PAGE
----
Asian grapevine

PUBLISHED : Thursday, 05 May, 2011, 12:00am
UPDATED : Thursday, 05 May, 2011, 12:00am


In a narrow, crooked road unmarked by street names, a small house and what looks like a simple shed is home to one of the most sought-after Burgundy wines: Domaine Emmanuel Rouget's Vosne Romanee Cros Parantoux 1er Cru. A visitor unfamiliar with the village of Vosne-Romanee is certain to miss this simple dwelling. There are no signs and no indication of a house number. Even the famous Domaine de la Romanee-Conti, housed in the same village has no sign, but those who have visited the cellars once will remember the red gate and the small doorbell that bears the domaine's name in tiny letters.

Visiting domaines in Burgundy is nothing like visiting the chateaux in Bordeaux, and as far removed from the friendly cellar doors of Napa Valley or Barossa as one can get. Only those with persistence and understanding of the rapid-fire French spoken by residents will be able to find these tiny domaines hidden between ordinary houses, and visits are by appointment only, of course.

As visitors to this region, we still persevere. The best of Burgundy enjoys a near-mythical status for its wines. In reality, many producers such as Domaine Emmanuel Rouget are elusive - their wines (and wineries) are difficult to find and often confusing because of the huge variation in quality among the different levels and the variations produced by vintage.

Emmanuel Rouget, who is the nephew of the late legendary winemaker Henri Jayer, is one of many producers who live off the reputation of its top wines. In a recent visit to his domaine, I was once again disappointed by almost his entire range except for a small handful of his top wines, including the 2008 and 2009 Vosne Romanee Cros Parantoux 1er Cru.

The Burgundy region is divided and subdivided among small producers who own minute parcels of land, sometimes just rows of vines, which vary in quality at the various levels in which the wines are classified, labelled and bottled. While one vineyard site may produce a fantastic, sumptuous wine, the same producer may bottle a wine from a lesser site that can be disappointing. In addition, with the enormous influence that vintage variation plays in this continental climate, buying Burgundy can be quite a gamble.

Clos de Vougeot exemplifies the complex nature of Burgundy: nearly 80 owners share a mere 50 hectares of vines which would all be labelled Clos de Vougeot, Grand Cru, Burgundy. Depending on the producer, wines can be sublime, a huge disappointment or something in between. The Grand Cru vineyard of Corton, which is larger than Vougeot but less sub-divided, can be equally spotty in quality. However, with a 'Grand Cru' vineyard status, all the wines will be sold at high prices.

Land, or terroir, is everything in Burgundy. Prime vineyards hold such importance that key villages have named themselves after them: for example, Chambolle-Musigny, Puligny-Montrachet and Vosne Romanee. Musigny, Montrachet and Romanee are the famous Grand Cru vineyards which produce the finest wines in Burgundy and Chambolle, Puligny and Vosne are the villages that decided to add the Grand Cru vineyard names after their village name.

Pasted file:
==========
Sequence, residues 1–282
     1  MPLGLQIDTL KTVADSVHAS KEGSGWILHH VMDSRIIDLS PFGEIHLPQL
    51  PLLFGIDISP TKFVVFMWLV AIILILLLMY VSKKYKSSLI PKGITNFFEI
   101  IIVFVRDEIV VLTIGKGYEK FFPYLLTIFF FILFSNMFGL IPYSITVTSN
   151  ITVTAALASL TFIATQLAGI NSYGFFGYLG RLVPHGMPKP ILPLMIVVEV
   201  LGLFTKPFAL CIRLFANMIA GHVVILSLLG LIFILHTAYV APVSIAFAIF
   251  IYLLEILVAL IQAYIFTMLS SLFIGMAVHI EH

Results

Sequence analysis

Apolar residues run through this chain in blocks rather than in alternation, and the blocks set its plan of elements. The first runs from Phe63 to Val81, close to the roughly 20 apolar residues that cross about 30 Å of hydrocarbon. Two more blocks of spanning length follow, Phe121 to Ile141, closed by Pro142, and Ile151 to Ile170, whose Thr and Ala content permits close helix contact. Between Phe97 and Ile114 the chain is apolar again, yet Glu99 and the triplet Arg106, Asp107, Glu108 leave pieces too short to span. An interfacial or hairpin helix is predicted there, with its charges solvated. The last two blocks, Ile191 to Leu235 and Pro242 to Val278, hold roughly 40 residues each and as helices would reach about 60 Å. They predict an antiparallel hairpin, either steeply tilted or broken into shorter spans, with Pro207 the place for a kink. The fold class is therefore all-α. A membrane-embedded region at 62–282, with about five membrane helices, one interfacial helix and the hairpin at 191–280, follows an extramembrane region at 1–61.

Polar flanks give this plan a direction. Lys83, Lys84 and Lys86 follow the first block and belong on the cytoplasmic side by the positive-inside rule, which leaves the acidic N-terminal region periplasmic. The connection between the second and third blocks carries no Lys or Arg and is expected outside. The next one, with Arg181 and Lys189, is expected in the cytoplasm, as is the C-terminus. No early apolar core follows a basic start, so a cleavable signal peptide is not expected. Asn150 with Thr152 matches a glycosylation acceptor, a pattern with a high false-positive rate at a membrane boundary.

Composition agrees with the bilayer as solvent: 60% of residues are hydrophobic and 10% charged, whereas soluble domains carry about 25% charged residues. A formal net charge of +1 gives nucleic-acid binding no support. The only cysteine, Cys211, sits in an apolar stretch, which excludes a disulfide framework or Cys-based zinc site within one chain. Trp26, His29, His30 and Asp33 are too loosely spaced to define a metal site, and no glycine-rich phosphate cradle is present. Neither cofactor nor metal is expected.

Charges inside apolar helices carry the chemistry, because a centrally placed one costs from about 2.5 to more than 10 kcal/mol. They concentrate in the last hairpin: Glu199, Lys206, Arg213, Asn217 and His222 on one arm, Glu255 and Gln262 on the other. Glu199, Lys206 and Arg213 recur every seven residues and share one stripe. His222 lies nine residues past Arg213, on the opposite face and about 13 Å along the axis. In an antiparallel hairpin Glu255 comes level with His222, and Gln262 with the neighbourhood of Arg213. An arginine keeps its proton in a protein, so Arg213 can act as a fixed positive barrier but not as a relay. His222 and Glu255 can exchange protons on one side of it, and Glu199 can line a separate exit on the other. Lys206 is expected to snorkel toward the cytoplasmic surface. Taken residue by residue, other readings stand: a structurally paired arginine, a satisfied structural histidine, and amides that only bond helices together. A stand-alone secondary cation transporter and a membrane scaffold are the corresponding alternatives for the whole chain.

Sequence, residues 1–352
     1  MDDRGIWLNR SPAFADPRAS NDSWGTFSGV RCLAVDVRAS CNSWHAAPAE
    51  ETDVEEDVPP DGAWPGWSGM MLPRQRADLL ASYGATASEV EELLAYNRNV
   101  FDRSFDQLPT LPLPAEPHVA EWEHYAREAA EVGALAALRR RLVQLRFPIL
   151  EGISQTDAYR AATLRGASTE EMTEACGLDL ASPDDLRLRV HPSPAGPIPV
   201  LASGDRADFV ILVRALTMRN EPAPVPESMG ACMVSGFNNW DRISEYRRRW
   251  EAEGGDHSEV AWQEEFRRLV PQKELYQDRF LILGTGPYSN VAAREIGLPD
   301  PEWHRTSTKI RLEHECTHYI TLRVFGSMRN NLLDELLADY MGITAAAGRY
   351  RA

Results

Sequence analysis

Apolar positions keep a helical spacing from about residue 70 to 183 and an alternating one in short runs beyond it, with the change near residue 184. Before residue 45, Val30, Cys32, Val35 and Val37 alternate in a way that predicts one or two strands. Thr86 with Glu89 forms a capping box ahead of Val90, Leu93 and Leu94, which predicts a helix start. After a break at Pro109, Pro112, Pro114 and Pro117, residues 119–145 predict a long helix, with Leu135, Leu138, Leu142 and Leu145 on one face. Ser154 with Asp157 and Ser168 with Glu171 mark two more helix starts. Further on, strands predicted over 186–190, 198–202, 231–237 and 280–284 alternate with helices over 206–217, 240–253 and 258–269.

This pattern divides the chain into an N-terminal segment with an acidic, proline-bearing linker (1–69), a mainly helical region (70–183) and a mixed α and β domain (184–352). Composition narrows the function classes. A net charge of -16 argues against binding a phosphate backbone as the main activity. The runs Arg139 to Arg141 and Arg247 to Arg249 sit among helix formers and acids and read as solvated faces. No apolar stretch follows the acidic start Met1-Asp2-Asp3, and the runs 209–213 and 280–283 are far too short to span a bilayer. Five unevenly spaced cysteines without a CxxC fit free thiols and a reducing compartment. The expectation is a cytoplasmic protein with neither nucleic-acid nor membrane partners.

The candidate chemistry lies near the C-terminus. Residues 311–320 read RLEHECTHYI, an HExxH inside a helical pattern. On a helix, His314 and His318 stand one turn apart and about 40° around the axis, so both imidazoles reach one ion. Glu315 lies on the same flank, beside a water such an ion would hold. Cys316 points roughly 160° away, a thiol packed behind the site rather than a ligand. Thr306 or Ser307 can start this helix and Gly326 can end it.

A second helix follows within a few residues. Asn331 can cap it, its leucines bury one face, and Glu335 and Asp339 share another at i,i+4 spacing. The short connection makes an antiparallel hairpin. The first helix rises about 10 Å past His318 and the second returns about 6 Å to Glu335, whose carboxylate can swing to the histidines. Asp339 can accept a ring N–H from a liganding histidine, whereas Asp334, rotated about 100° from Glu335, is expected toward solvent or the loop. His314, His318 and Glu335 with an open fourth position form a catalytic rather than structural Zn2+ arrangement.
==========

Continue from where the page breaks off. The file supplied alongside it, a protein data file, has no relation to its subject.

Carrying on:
Despite, or perhaps because of, Burgundy's elusiveness, there is a continuous stream of devotees making an effort to grasp this tiny wine region. Even the term 'Burgundy' has several definitions - the main contention between those who include Beaujolais and those who do not. Legally, Beaujolais (the predominantly cherry bubblegum-flavoured simple wine) is included. However, most wine writers and enthusiasts when they mention Burgundy usually refer just to the Cote D'Or region, which encompasses the premium wine-growing areas.

During my trip to Burgundy last month, it surprised me that for many of the wines, I preferred the 2008s to the 2009s. Given the reputation and the prices that the 2009 vintage enjoys, I was surprised at my tasting results. For whites, 2008 is hands-down, clearly the winner. Everywhere that I sampled whites, I preferred the 2008s. The 2008 whites have focus, a precision and detail in the flavours, and an amazing line of acidity running through their backbones. At Domaine Leflaive, I was emotionally moved by Anne Claude Leflaive's 2008s last year when I visited. However, in 2009, the wines were excellent, as they are nearly every year from this top domaine, but it was a more cerebral experience.

A friend, who is an avid Burgundy lover confided: 'I had the opportunity to taste Henry Jayer's 1985 Echezeaux and it was out of this world. The wine was so beautiful that it actually made me cry. I loved it so much that I bought as much as possible from auctions and from anyone who had them.' When he started to uncork the bottles from the many cases he bought, he said: 'I was so disappointed that I could have cried.' The bottle variations were so high that no bottle was the same and none were as good as the first one that he remembered.

The usual rule of thumb for Burgundy is to choose wines by producer rather than by vintage or by vineyard site. Even then, the path is riddled with pitfalls - take Emmanuel Rouget for example. All of his wines, except for his Cros Parantoux 1er Cru, were really disappointing, including his Grand Cru Echezeaux and his Premier Cru Vosne Romanee Les Beaumont. We Burgundy lovers are bound for heartache - we know that each handcrafted wine, despite the huge price tags, will either bring a sublime experience or a huge disappointment.

Jeannie Cho Lee is the first Asian Master of Wine. Follow her at or contact her at or